Address at Forum for East Asia Latin America Cooperation

Delivered at Promoting East Asia-Latin America Cooperation amid Global Challenges, Forum for East Asia Latin America Cooperation


FEALAC countries represent nearly 40 percent of the global economy and over 30 percent of global trade. Given the size and significance of the two blocs, more effective cooperation holds the promise of great return. Yet several challenges need to be overcome. How we address them requires careful consideration.

First, we need to return to stable trade growth after a lingering global crisis. Dwindling external demand hit export oriented economies, commodity exporters in particular. After registering a six-fold increase in trade between 2002 and 2013 – reaching a total of $400 billion - trade between Latin America and East Asia has dipped by 20% to $324 billion.

Second, the subdued trade and investment activity between the two blocs comes at a time when nationalist and protectionist sentiments have taken hold in parts of Europe and the US. This stands in the way of multilateral solutions and global cooperation. The US withdrawal from the Trans-Pacific Partnership and its renegotiation of NAFTA and other trade deals are immediate challenges. But this is also an opportunity for East Asia and Latin America to cooperate better and play to their strengths.

Third, high tariffs, trade and transaction costs – including transport and insurance costs - damage trade prospects for both blocs. They reduce competitiveness, impede Latin American producers from participating in global value chains and stand in the way of the country’s economic diversification.

Fourth, there are large trade imbalances between partners in these two strategic blocs which poses macroeconomic challenges. A partnership strategy to resolve this trade asymmetry could make a positive contribution. This calls for a shared analysis and understanding of how the partnership should work towards economic, product and market diversification. This is critical for balanced growth and can only be delivered by far-reaching structural reforms.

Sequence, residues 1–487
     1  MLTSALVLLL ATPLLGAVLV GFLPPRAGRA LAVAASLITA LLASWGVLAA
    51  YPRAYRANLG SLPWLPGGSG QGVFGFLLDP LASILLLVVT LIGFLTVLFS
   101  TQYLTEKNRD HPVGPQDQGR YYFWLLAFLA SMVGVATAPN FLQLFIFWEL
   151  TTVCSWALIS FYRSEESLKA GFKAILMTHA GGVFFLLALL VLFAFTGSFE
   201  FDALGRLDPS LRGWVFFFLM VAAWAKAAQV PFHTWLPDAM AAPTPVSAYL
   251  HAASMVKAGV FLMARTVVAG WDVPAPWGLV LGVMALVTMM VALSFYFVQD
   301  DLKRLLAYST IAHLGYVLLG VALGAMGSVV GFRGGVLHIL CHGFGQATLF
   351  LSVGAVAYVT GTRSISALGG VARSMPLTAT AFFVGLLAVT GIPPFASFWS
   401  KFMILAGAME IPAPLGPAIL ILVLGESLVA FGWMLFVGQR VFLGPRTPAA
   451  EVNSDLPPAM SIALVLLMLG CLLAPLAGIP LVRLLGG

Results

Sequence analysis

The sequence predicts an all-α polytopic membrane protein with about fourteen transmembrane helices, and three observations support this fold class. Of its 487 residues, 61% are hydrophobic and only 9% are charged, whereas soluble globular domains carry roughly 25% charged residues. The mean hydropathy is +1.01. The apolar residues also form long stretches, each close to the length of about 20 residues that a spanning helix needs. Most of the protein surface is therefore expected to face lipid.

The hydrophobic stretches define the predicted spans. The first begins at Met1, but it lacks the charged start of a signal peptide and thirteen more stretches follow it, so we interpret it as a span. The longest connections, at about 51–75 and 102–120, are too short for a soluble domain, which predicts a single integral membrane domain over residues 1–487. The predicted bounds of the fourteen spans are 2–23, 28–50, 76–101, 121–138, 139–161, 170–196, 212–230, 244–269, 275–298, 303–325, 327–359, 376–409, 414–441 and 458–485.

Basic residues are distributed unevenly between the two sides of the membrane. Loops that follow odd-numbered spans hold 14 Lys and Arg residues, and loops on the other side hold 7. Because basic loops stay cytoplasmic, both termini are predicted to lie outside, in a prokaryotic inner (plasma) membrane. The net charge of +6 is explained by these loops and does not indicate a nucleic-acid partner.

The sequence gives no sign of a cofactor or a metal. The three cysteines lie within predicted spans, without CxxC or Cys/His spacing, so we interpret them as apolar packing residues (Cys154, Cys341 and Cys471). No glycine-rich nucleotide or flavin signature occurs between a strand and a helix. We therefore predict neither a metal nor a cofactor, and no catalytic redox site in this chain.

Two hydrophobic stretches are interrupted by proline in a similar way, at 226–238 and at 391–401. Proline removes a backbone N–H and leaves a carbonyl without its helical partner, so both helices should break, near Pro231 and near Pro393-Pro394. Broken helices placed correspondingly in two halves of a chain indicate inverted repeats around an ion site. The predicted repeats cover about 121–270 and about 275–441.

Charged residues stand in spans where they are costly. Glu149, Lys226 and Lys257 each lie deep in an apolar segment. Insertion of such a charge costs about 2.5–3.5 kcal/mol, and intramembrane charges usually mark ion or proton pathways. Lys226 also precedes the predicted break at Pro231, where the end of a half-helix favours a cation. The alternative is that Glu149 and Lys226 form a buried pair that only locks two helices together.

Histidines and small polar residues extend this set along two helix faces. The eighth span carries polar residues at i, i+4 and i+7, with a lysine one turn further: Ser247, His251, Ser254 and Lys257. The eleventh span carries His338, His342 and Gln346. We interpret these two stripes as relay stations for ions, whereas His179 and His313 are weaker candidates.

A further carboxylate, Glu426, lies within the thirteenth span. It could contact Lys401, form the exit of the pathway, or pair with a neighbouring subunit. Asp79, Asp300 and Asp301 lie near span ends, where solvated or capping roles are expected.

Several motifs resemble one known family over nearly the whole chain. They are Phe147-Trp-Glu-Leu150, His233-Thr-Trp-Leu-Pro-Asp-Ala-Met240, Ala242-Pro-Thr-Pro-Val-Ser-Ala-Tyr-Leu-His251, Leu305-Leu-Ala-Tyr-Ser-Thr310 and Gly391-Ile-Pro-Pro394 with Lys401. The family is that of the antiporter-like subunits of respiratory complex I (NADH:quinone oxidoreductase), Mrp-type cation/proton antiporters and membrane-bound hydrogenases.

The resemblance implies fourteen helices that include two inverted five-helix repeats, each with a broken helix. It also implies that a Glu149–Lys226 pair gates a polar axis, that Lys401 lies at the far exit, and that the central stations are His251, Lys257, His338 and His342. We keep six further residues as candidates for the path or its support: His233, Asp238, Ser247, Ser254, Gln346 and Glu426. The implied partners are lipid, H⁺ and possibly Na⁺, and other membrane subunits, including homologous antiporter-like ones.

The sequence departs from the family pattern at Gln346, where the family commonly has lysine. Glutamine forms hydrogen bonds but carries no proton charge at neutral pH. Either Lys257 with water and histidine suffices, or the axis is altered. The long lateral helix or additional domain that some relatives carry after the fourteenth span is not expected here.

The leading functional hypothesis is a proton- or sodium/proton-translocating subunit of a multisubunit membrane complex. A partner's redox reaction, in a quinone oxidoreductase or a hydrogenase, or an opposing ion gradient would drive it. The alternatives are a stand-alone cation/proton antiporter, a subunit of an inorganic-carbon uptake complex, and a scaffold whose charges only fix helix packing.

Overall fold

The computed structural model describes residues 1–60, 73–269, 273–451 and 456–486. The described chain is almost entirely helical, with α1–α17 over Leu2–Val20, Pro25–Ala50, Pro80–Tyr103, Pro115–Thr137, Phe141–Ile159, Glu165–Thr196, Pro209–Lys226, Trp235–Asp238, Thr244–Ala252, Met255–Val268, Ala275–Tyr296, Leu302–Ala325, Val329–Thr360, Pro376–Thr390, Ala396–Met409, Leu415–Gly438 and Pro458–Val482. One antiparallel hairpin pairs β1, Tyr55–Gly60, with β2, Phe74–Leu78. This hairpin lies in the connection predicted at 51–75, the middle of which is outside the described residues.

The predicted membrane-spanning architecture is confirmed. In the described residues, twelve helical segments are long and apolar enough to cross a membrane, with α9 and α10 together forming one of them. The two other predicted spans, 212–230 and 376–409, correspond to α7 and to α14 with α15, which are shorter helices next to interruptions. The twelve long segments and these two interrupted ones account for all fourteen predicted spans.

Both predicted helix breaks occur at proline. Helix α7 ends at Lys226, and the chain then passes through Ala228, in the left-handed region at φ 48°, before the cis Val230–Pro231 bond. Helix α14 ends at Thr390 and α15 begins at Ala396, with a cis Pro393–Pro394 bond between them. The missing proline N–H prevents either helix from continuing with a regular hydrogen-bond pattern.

Finally, Latin America – a region dependent on imports of capital -is facing a slowdown in foreign investment flows. The good news is that lower commodity prices have led to slower investment in extractive industries and to new investments in renewable energy, telecommunications and the automobile industry. East Asian investors1 continue to invest in Latin America – which partly offsets the impact of any volatility in flows triggered by US or the EU policy stance.

To conclude, a few key lessons should inform this partnership.

  • Global stability and certainty are perquisites for traders, investors and consumer confidence.
  • Partners should recognize that regional cooperation and integration frameworks offer interesting insights in the significance of market integration that has been backed by seamless, holistic and multi-modal transport systems and ICT connectivity.
  • In the future, partners must achieve coherent, multilateral and interregional trade agreements while strengthening domestic investment and regulatory frameworks for businesses.
  • To improve competitiveness, Latin America can rely on the East Asian experience of integrating global value chains – including SMEs - and their expertise in knowledge and technology-intensive services.

Guided by the 2030 Agenda, FEALAC’s push for greater cooperation must continue - including the regulatory cooperation needed to facilitate trade and FDI. The FEALAC Trust fund should help support projects with this objective in mind. I look forward to working with you to deepen our collaboration in all these areas to support growth, investment and sustainable development in East Asia and Latin America.

1Taken into account both greenfield and M&A investments, China is the 4th largest investor in the region following the US, the EU and Canada.